My memories of Jamaica Kincaid’s angry voice will always sound like the Ukrainian woman who recorded her essays for me. An Eastern European accent attached to the pain and rage of a colonial West Indian subjected to the racism of a dying imperial nation. Natalie Kusz’s painful “Vital Signs” will forever sound like my wife sitting in the comfort of our Cambridge living room. Walter Mosley’s E. Z. Rollins has had so many different voices that he and Mouse seem like they have multiple personalities.
A random series of events caused me to seek employment at Henter-Joyce, Inc. in St. Petersburg, Florida. Moving from Cambridge, Massachusetts, the intellectual capital of the continent, if not the world, to a small city known primarily as a retirement community caused me little hope for any intellectual expansion. Oddly, I seem to find growth in the strangest places.
Before moving the Florida, I had little contact with other blind people. My pride prevented me from seeking help with activities like crossing streets – I had bought a cane years earlier and figured it out myself. In my mind, I didn’t need help. Learning to read Braille seemed like an absurd and antiquated idea. Why learn a different writing system? Why read with my fingers?
A peculiar series of events, increased exposure to other blind people and a bit of meddling in the love lives of a new and old friend resulted in my obtaining a desire to learn Braille, “Just to label my record collection and things like that…”
I retain no memories of the first time I learned to read. I am, however, intimately aware of my recent struggles, at age 38, to learn to read all over again. Braille has not come easily to me but the rewards are far greater than expected.
When Rosey gave me my first Braille lesson, coincidentally the first Braille lesson she had ever taught, I felt stupid and experienced embarrassment. I enjoy the work of Umberto Eco and other challenging authors but can only stumble through my A B C’s. My pride held my tears inside until she left.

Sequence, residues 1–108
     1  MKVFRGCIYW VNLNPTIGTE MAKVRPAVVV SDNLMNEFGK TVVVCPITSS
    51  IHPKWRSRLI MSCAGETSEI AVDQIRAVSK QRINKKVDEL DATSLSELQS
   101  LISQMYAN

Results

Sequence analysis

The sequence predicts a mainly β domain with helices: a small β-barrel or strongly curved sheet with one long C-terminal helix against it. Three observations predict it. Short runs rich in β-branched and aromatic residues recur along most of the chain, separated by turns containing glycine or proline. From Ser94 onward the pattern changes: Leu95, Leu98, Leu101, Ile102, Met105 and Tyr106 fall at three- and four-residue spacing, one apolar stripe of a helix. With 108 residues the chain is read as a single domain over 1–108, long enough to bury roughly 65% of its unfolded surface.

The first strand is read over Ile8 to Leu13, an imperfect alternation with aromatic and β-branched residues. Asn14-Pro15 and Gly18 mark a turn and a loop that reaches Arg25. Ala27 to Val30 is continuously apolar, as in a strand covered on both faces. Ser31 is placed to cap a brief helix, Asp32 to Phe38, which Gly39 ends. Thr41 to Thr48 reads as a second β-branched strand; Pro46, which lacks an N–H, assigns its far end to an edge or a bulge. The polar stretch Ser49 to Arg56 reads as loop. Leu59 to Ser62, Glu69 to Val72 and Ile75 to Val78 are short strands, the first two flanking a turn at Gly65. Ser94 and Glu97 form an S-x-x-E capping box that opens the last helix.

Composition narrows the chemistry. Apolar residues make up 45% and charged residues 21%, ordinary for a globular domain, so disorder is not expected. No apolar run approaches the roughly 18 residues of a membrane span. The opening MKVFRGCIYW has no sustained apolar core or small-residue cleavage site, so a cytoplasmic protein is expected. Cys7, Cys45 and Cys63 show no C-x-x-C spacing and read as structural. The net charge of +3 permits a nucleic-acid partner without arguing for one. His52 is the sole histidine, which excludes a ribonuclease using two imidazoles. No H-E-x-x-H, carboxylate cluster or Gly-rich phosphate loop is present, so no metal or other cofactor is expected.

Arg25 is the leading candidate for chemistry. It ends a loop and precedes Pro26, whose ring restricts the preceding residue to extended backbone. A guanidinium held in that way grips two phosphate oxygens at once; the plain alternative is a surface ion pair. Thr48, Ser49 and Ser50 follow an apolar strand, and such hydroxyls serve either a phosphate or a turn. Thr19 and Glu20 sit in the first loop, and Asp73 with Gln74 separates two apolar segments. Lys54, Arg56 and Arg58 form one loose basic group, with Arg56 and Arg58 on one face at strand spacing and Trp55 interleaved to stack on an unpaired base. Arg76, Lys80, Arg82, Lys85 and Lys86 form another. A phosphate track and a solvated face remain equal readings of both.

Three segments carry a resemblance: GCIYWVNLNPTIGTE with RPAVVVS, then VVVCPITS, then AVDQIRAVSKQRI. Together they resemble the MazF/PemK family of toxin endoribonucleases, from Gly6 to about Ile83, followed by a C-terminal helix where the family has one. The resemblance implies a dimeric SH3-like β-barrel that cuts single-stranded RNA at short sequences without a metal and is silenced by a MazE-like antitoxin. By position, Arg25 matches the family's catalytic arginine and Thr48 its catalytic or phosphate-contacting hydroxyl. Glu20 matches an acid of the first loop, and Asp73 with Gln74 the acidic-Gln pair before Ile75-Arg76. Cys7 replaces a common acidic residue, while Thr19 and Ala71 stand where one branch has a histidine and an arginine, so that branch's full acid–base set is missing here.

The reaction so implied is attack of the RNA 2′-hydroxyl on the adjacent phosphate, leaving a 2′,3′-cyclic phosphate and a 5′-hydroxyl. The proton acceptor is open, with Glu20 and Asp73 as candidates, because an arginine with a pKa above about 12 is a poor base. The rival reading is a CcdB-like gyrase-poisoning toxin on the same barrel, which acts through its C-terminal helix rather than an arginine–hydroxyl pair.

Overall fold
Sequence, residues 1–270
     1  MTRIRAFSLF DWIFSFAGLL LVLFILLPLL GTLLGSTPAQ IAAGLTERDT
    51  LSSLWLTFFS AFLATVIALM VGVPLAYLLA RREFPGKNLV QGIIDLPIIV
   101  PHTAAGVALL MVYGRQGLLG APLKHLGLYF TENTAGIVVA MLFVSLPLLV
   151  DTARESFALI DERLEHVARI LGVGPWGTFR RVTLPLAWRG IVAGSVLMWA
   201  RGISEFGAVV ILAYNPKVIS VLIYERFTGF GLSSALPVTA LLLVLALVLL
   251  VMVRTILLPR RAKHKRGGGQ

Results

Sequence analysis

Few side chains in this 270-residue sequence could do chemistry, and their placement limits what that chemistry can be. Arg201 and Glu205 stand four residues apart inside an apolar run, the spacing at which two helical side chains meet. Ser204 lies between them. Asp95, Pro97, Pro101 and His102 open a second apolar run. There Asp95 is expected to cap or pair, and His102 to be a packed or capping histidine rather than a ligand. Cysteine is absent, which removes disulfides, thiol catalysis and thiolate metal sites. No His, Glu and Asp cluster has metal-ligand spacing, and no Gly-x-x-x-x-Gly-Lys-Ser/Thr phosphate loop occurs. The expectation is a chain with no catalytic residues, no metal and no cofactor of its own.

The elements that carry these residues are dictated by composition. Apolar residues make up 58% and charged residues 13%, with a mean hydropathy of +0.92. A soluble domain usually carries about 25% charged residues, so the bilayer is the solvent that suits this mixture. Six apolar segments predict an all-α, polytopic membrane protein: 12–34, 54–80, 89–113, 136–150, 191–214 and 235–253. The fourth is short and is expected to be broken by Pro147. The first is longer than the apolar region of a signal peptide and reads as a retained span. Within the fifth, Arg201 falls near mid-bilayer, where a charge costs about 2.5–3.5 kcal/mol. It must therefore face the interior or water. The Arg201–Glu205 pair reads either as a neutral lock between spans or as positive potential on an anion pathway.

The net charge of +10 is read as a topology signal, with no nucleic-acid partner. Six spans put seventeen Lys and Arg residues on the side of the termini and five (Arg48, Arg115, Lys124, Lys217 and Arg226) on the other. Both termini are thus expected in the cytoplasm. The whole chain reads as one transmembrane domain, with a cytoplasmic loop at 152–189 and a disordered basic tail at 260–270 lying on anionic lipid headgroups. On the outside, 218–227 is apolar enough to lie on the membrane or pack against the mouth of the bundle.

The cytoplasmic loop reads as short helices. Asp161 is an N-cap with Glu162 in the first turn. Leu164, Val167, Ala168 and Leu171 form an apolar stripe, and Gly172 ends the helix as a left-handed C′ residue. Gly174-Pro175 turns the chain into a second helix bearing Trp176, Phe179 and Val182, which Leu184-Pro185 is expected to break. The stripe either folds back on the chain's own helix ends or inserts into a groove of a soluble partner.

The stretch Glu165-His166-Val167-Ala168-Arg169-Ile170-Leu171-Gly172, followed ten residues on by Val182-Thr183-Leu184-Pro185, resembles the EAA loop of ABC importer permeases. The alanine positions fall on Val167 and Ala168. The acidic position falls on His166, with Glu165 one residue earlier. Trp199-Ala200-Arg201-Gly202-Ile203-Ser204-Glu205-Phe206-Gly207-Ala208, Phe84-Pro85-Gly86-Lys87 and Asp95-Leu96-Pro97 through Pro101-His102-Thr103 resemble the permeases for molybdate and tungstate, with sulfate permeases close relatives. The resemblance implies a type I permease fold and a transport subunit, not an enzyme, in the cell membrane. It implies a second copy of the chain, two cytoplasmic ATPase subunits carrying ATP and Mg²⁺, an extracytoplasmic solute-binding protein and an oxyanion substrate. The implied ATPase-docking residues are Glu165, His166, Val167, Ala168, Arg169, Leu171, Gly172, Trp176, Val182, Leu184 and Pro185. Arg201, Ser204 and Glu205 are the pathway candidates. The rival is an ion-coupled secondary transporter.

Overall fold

The first words I read in Braille could only contain the letters A through J, without punctuation didn’t. Approaching my thirty ninth birthday and I cannot yet read such classics like Cat in the Hat – I didn’t know enough letters. I remembered Sister Anna, my Nazi-nun second grade teacher; teasing some poor child who hadn’t at age seven learned all of the letters. I remember that I couldn’t understand how anyone could possibly struggle with a concept as simple as reading. I felt ashamed.
Nightly, I reviewed my page of words: dab, deaf, jab, cab, ice, did, hedge, Bach, bed and started to hear voices from within. “Is this some dadaist poetry?” asked one of the actors, groggy from years of sleep.
“No, I think it’s William Burroughs playing with Gyson’s cut up technique,” replied another.
“Sorry guys, I’m just reading a set of words containing the letters A through J,” stated the voice of my conscious.
My actors wanted to go back to sleep. I couldn’t blame them as the next page, added to my Braille repertoire a week later, contained only random words built with the letters A through T. A week or so later I could do all of the letters and started on punctuation. The actors still complained.
The entire crew inside my head eagerly anticipated my first whole book printed in Braille. The Life of Louis Braille sounded like it might be interesting. I had never heard of an author named, L. T. Rodenberg but I usually enjoy adding new writers to my collection.
I sat on my sofa, Louis Braille on my lap and started, slowly reading the little book. “The Story of Louis Braille by L. W. Rodenberg” proclaimed my title page voice. I turned the page and continued.
After a few pages, the voice reserved for union leaders, guys from Brooklyn and other unsavory types piped up, “What the hell is this?”
“A story about the man who invented the writing system used by blind people,” I replied in my kindest tone.
“No, it’s crap,” shouted the thug.
“What do you mean,” I asked.
“Allow me,” entered the professorial voice, “This author misses all of the fundamental principals of writing in the English language. He tells you everything while showing nothing and he seems to hold the irrational belief that ‘to be’ is the only verb available to him.”
“He doesn’t seem to think that characters add any value to a story,” added the female poet, “It’s all narrative and poorly done at that.”
“I think it’s for young readers,” I said, defending my choice of books.
Fear started to overwhelm me as I heard the voice of my seventh grade English teacher, Mrs. Larouque, shout, “Christian David Hofstader! I’ll accept no excuses for this drivel. If you wrote this I’d have given you a C- or maybe even a D+! We ought not be subjected to such dreck.”
Scathing literary criticism is not new to my actors. The joy of having them back far out weighs the annoyance of their complaints. Learning Braille has reawakened the theater of my mind and its return is entirely welcome.